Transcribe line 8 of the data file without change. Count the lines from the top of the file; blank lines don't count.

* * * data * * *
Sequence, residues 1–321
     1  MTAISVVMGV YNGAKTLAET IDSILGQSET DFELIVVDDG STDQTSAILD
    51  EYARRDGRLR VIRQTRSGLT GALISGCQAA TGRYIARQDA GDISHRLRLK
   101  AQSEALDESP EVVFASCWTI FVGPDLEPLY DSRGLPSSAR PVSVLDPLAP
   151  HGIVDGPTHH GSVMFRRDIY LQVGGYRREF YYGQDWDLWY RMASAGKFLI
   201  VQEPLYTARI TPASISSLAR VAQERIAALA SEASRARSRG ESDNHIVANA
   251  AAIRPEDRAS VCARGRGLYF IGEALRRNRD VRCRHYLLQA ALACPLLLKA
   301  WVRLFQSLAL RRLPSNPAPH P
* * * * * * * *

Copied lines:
   301  WVRLFQSLAL RRLPSNPAPH P